When Cross began his career, he realized that he would have to put even more work in to beat teams because of the intense competition of college basketball. Cross began his career recruiting, making budgets, setting schedules and compiling scouting reports. Cross says all of that experience early in his career helped him develop his work-ethic, even though he had earned a perfect 4.0 GPA in college with his work-ethic.

Coming to UTA

Since Cross has been at UTA, the team has been doing things that have never been done before and a large part of that is due to Cross not being satisfied with where the team is. Every day the team goes to work the coaching staff preaches that ‘championships are won today.’ With Cross’ guidance, the team has been to the NCAA tournament and has built an incredible basketball facility that was only a pipedream when Cross started at UTA.

 “I get excited about doing stuff that people say never could happen. When we went to the NCAA tournament, it was a monkey on our back so people said UTA hasn’t went for 49 years it’s not going to happen, cant do it, it’s a curse, but so we finally did it,” said Cross.

After being named one of the coaches on the verge of elite status by ESPN analyst Fran Fraschilla, Cross’ has become higher-profile and better-known in the basketball world. Fraschilla’s Cross made a great impression on Fraschilla by just being himself with his work-ethic and commitment to his program and not bettering himself.

 “He’s reserved and humble. He doesn’t promote himself and that’s what I like about him. He just goes about his business,” said Fraschilla.

Cross still maintains that everything goes back to his team’s mantra even with the added attention.

“It’s like Coach Barnes (Head Coach of the University of Texas Basketball team) has in his office, ‘proud peacock today, feather duster tomorrow.” In other words, “You’re only as good as your last game. I’m very honored and humbled to be mentioned with those guys, but you know that was because of the success we had last year, but it’s all about what we do now,” said Cross.

Family Values

One team that is always by Cross’ side no matter how his last game went is his wife, Jennifer, who played volleyball at UTA, and his three sons, Austin, 8, Cody, 5 and Tyler, 4. The family keeps Cross grounded and in the middle instead of worrying too much about the ups and downs of a season.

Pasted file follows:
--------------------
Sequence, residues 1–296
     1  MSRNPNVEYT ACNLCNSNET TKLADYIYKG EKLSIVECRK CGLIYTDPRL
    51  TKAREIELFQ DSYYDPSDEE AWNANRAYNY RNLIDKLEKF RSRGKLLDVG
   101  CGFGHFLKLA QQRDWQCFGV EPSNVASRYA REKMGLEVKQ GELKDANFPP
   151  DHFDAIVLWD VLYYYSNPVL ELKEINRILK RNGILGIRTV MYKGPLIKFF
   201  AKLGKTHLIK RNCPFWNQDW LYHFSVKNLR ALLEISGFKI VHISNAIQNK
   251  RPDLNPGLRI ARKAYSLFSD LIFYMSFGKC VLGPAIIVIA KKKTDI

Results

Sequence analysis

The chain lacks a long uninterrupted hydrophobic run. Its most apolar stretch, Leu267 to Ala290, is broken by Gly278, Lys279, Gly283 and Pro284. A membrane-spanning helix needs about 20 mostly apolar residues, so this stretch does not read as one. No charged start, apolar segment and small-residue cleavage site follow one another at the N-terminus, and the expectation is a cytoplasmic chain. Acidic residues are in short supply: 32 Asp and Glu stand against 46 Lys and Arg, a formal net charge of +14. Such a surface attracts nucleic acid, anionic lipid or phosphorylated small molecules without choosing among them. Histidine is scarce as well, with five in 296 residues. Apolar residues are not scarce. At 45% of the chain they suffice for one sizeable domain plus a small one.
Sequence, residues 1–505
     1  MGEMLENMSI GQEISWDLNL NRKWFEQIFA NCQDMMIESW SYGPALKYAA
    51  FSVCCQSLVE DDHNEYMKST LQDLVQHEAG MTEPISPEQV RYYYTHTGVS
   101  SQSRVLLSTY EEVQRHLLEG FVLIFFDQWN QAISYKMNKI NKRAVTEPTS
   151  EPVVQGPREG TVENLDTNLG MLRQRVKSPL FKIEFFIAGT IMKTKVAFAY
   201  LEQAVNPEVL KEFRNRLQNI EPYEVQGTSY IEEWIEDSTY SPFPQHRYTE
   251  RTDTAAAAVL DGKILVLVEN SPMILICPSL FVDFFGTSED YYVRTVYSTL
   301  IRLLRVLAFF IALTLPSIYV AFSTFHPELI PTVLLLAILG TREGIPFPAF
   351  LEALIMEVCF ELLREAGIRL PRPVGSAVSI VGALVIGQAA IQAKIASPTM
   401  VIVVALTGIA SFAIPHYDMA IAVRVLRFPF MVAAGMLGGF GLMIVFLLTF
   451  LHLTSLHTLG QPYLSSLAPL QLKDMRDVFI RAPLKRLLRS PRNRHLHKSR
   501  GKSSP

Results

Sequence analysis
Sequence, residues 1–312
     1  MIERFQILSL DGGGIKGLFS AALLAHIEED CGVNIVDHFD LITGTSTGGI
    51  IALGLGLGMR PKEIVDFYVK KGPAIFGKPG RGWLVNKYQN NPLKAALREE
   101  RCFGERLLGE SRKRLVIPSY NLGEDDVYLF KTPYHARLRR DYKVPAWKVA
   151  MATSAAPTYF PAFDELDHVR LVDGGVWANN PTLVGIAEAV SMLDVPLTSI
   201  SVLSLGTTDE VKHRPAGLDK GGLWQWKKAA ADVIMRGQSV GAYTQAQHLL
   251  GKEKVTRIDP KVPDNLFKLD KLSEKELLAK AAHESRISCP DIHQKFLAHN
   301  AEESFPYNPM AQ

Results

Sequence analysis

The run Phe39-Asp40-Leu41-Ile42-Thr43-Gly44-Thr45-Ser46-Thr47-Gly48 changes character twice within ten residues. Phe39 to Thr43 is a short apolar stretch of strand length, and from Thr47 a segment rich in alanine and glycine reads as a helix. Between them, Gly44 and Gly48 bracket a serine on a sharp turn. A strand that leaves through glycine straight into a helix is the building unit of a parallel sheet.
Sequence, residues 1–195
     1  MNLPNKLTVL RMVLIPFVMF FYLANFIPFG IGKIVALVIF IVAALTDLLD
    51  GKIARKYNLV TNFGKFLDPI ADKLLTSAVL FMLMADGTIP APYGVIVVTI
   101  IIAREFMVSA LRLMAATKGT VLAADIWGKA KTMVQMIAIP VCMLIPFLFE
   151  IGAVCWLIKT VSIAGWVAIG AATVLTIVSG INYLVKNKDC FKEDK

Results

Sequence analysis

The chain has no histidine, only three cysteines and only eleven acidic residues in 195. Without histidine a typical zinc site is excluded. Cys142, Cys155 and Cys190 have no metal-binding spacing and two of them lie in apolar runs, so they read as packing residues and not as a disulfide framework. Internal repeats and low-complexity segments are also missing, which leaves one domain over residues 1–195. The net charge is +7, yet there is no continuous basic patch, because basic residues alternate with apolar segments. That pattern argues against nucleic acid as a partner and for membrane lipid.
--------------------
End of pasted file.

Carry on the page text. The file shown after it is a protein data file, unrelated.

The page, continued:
“At the end of the day I’ve got to raise them to be great kids and go on and do great things too so that’s important to me as well,” said Cross. “I’ve got the 16 kids here that I’ve got to mold and teach and help them become successful in the community as well as the basketball court, but I’ve got to do that at home as well.”

Cross not only has his family and
team by his side, but also the community of Arlington, where he has worked to get the team out to build relationships with the students and people in the area. With his team out in the Arlington community at university events, other athletics events and Arlington events, Cross has seen the support grow exponentially and that has helped his team on the court as well.

 “Our success to a small degree, don’t get me wrong a lot is determined by what we do on that practice court, but our fans have a big part of that. I’d be willing to say that we would have lost 2 of those 4 games last year, but our fans gave us a little jump,” said Cross.

The future looks bright

With a four-year extension that will keep Cross at UTA through the 2015-16 season, a new facility, more academic support with their two advisors and a sense of community pride in the program, Cross has built UTA and the UTA basketball program into one that he believes will compete for Western Athletic Conference and then Sun Belt Conference titles beginning in the 2013-14 season.

Ultimately, Cross believes a Final Four appearance and a national championship are attainable goals for the program he built so well.

“I know that may sound far fetched to a lot of people, but that is what I want to do. I don’t see why not,” said Cross. If I didn’t have a job and you asked me what my dream job would be, it would be the head coach at UTA so I am living out a dream.”